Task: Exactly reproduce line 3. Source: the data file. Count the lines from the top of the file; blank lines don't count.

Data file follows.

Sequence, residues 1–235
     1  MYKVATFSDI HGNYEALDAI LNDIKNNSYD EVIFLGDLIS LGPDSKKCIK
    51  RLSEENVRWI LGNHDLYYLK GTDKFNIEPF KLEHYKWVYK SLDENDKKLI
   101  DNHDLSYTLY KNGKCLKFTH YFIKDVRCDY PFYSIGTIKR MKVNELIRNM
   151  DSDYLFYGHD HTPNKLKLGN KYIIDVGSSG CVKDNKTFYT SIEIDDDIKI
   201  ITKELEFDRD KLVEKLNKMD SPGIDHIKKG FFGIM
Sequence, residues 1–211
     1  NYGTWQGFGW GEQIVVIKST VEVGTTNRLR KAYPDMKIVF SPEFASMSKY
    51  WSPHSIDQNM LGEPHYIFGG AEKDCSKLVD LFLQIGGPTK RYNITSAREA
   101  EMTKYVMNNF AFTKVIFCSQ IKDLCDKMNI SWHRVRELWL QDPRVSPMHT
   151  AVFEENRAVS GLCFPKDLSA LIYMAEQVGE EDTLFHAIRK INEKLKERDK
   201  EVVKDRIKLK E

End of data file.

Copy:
    51  RLSEENVRWI LGNHDLYYLK GTDKFNIEPF KLEHYKWVYK SLDENDKKLI